I have tried for years to get the powers that be in the nonproliferation world to use all of the scientific and engineering material I have collected on the Middle East and South Asia.

    The response has been an overwhelming silence. You have trained “experts” who know and understand about the science of proliferation. Many articles in the field illustrate this problem and the material has become unreadable in many cases.

    This is a sad way for what once an important field for the US and international community. I am still waiting to hear back from the many arms control groups I have contacted over the years.

    Maybe this email will catch people’s attention but I seriously doubt that.

    • Uban (History)

      Why don’t you just put it up on the internet?

      If it is sorted and searchable, people will be more than happy to use it.

    • krepon (History)

      If you mean South Asian Voices, it’s here:

      http://southasianvoices.org/

      MK

    • Uban (History)

      Sorry I was referring to nukeman’s archive of bits and bobs.

  2. Bradley Laing (History)

    http://www.bloomberg.com/news/articles/2015-08-17/air-force-botches-bomber-s-10-year-costs-in-reports-to-congress

    Last year, the Air Force estimated the cost of the top secret Long-Range Strike Bomber at $33.1 billion from fiscal 2015 through 2025. This year, it reported the fiscal 2016-2026 cost as $58.4 billion.

    Asked to explain the change from one estimate to the other, the Air Force responded that both numbers were wrong — and the correct ones were $41.7 billion for each period. The 10-year cost is the first installment in what could be a 30-year program.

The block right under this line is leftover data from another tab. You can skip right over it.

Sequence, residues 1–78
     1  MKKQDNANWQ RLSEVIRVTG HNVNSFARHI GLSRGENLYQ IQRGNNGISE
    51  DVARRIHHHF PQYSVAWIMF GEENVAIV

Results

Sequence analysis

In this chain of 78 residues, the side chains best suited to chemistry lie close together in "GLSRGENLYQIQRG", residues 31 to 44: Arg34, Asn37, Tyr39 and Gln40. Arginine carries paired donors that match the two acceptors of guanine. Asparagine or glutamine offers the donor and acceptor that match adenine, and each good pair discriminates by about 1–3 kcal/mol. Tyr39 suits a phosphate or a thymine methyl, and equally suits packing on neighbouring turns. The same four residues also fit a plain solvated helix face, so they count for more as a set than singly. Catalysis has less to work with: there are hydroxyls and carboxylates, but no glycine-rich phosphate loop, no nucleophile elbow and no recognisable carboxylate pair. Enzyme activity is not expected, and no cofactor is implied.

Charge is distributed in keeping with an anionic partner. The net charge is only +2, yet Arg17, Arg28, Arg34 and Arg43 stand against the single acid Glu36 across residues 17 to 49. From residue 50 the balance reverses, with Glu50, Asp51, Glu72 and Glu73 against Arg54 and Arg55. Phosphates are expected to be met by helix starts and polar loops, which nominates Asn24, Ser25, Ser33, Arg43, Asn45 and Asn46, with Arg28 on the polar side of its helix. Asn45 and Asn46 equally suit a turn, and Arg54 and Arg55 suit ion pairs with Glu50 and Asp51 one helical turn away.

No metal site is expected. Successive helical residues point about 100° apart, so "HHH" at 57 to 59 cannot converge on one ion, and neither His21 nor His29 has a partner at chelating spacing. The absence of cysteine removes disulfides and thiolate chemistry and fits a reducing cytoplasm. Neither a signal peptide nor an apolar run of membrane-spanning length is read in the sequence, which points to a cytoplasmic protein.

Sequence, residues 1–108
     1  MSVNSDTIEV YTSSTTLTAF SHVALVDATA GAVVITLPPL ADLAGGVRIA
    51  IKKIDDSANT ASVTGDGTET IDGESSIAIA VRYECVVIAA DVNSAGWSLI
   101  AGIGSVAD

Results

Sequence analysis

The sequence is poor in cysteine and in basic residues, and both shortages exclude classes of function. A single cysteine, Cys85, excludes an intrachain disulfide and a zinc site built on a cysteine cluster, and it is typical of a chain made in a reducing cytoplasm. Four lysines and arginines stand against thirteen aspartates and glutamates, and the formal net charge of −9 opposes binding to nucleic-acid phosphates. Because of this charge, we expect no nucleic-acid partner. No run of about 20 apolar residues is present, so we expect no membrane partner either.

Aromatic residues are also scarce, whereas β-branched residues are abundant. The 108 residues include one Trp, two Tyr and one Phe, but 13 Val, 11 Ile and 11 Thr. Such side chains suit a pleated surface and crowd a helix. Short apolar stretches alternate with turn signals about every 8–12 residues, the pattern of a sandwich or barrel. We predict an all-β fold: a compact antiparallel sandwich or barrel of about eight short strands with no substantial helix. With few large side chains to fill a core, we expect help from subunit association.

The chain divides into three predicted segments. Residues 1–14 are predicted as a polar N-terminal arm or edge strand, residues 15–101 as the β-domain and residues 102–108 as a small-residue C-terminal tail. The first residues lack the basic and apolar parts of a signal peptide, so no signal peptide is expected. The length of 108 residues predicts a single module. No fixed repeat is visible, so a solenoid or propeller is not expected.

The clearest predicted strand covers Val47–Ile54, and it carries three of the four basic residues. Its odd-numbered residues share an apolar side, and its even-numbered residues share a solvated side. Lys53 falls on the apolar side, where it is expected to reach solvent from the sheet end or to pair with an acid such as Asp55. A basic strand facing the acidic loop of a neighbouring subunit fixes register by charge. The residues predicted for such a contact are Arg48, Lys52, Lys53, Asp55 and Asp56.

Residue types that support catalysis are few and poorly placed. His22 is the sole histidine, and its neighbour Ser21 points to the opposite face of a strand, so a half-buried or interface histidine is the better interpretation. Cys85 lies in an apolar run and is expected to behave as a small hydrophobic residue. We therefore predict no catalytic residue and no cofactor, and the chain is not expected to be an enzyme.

3. Uban (History)

    I think having the two groups in one place talking to each other is a good idea.

    I feel whatever contact is arranged between the Indians and the Pakistanis, it should clear up any misconception that India’s conventional options vis-a-vis Pakistan are necessarily reduced by Pakistan’s nuclear arsenal.

    For example, in Pakistani writings, one comes across the sentiment that India did not launch conventional strikes against Pakistan after the Bombay attacks on 26th November 2008 because of Pakistan’s “nuclear arsenal”.

    This is a misreading of the situation. It is correct that India did not launch nuclear strikes against Pakistan because of Pakistan’s nuclear arsenal but it is incorrect to say that India did not launch conventional air-strikes against Pakistan because of Pakistan’s nuclear weapons.

    India has no intention of launching a conventional conflict with Pakistan. There was no military preparation for such action. Even the terror strike caught India’s security services unawares. The Indians barely managed to get a hostage rescue effort in place. So the Pakistani nuclear arsenal had less to do with deterring India’s conventional strike than India’s own lack of preparation.

    Briefly India did put the option of conventional airstrikes against the LeT camps on the table. However the Pakistani offer of locking up the LeT leadership was ten times more cost effective than the IAF air-strikes – so India had less reason to push ahead with even limited conventional options.

  4. Bradley Laing (History)

    Despite government claims of safety, officials admit that one way nuclear material could be spread into the atmosphere is if a nuclear facility was hit by a fire. Now a report says that a federal nuclear agency has failed to upgrade aging fire suppression systems in its buildings.

    The agency, the National Nuclear Security Administration (NNSA), claims it doesn’t have enough funding to replace aging water pipes and other infrastructure intended to prevent or fight fires at nuclear weapons facilities. The NNSA has a budget of $27 billion, but insists it has “a constrained budget” when it comes to fire suppression.

    http://www.allgov.com/news/top-stories/despite-annual-budget-of-more-than-27-billion-nuclear-security-administration-says-it-doesnt-have-enough-money-to-protect-against-fires-150826?news=857279